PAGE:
New Artists Julia Morgan-Leamon and Faye Mylen

Julia Morgan-Leamon “Transitioning” oil 24″ x  36″

By Veronica Vale, Fine Art Consultant

Gallery MAR is proud to now represent the work of artist Julia Morgan-Leamon and of artist Faye Mylen. Allow us to introduce you to these two talented individuals:

 

Julia Morgan-Leamon‘s work aims to capture everyday movement and gesture with loose brush strokes and a lively palette. Her painterly approach exemplifies the sense of adventure and risk-taking which she aims to capture with her subject matter. Morgan-Leamon uses both painting and time-based media to study and beautifully preserve “aspects of the unanticipated choreography” of the human experience.

Julia Morgan-Leamon “Preparing for the Blue” oil 24″ x 36″

While based out of Massachusetts and New Mexico, Morgan-Leamon’s work has been exhibited at venues all across the globe, demonstrating her work’s universal appeal in its endeavor to capture the essence of “human vulnerability and resilience.”

 

Faye Mylen‘s work, meanwhile, focuses on nature, landscapes, and the connection therein using oil paint on metal.

“The language of art for me is more about connection than beauty, although beauty resides in that connection. The connection is with the subject that I paint, which is mainly nature. I study the view that I am painting and this develops within me an even greater reverence for the raw beauty and grace nature holds.”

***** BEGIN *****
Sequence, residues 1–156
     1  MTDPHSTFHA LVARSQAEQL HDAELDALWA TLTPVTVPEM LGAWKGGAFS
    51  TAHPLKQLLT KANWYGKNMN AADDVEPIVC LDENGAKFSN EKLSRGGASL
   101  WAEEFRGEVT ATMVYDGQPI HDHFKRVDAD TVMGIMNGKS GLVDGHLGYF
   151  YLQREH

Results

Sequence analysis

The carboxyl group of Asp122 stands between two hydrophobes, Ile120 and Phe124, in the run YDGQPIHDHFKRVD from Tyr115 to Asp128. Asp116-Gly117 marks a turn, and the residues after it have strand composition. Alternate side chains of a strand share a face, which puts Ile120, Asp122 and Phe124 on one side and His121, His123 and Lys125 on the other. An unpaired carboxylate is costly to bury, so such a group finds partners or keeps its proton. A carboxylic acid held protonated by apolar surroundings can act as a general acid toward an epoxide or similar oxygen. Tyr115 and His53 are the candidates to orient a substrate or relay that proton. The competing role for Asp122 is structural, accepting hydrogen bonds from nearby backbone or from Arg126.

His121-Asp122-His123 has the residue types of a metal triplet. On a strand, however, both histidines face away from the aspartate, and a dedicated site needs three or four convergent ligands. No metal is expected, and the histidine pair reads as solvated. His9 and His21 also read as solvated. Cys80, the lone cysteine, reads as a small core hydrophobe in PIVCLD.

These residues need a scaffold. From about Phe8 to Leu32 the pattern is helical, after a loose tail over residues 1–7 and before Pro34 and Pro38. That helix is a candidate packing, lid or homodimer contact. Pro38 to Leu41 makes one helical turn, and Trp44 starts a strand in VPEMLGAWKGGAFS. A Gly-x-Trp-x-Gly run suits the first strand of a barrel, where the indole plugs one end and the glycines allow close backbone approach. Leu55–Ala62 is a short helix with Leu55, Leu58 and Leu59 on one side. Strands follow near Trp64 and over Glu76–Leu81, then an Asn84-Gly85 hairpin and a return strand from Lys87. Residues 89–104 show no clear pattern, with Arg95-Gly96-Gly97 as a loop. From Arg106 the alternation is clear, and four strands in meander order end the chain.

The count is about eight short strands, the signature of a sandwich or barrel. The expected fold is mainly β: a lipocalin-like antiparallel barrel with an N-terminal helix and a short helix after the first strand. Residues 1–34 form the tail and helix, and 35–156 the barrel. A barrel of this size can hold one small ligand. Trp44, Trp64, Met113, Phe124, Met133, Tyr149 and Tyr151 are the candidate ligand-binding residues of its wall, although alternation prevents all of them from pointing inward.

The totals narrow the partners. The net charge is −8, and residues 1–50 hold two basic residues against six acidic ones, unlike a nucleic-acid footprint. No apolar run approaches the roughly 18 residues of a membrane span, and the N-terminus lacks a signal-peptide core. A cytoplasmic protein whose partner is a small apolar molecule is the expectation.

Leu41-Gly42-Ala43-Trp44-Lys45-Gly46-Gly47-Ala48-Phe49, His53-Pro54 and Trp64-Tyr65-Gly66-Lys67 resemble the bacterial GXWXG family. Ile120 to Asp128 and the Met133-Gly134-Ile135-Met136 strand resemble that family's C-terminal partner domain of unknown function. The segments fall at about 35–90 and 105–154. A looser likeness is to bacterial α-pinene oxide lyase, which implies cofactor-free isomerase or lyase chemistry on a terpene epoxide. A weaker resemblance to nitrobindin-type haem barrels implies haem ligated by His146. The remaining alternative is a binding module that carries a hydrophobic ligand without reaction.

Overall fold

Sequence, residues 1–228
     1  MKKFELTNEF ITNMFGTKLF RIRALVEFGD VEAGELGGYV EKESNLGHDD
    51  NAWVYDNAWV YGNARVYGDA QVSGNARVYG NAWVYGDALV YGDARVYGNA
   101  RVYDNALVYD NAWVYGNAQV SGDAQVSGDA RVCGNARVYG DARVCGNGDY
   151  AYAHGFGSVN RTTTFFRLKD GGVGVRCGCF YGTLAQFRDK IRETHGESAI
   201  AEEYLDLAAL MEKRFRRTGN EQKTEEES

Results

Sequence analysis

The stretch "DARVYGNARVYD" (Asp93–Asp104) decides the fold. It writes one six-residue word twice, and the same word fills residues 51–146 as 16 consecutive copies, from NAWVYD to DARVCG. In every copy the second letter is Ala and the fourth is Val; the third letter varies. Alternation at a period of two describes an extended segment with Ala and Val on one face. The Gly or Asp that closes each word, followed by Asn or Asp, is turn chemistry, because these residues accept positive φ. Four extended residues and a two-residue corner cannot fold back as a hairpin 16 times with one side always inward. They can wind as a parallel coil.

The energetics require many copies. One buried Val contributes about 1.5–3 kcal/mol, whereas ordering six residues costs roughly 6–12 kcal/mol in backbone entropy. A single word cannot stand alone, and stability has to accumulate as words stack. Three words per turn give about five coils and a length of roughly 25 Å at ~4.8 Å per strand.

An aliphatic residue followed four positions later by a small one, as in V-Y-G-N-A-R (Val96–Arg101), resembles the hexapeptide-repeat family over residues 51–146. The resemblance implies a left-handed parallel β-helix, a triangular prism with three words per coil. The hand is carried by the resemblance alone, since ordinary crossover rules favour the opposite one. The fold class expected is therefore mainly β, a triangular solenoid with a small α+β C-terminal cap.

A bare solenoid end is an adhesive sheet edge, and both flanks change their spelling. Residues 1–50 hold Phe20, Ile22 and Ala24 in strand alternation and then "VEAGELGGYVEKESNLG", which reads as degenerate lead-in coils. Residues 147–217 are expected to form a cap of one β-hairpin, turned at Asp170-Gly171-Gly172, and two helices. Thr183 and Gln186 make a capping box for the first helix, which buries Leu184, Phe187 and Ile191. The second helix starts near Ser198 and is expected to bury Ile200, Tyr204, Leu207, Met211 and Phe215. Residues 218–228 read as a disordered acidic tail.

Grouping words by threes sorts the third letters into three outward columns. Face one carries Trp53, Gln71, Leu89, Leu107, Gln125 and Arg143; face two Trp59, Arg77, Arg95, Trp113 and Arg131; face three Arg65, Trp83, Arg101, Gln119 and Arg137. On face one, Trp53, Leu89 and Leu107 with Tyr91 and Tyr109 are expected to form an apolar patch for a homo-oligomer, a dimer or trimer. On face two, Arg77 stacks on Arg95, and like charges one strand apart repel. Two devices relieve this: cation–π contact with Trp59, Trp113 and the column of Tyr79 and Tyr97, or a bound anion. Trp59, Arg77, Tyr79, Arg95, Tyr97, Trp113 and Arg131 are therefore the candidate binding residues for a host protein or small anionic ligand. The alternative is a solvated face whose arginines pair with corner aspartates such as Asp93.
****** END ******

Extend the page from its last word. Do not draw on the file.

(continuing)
Faye Mylen “Daisies” oil 36″ x 36″

In her studio in Connecticut, Faye Mylen not only explores the connection between herself and her natural subject, but also the connection between herself and her viewer. Mylen channels her reverence and deep appreciation for nature into her work, allowing the emotions that nature bestows upon her to reveal themselves on canvas. These emotions help her to bring abstract qualities to the natural landscape which she hopes enhances the viewer’s experience of the work by connecting them with “the raw beauty and grace that nature holds.”

Faye Mylen “Still Marsh” oil 24″ x 24″

We are thrilled to add the lively, adventurous work of Julia Morgan-Leamon and the tranquil, graceful work of Faye Mylen to our Gallery MAR team of artists, and we invite you to see for yourselves the beauty of their latest work.

Sarah Winkler’s Commission at New Scottsdale Resort

The sunken lounge at Hearth ’61, restaurant and lounge, at Mountain Shadows, Scottsdale, AZ.

Besides looking forward to her exhibition at Gallery MAR this summer (“Past/Present” opening June 30), Sarah Winkler has another big announcement — the installation of her commissioned painting in the restaurant and lounge, Hearth ’61, at the new resort, Mountain Shadows in Scottsdale, AZ. The hotel found her work through her Instagram artwork!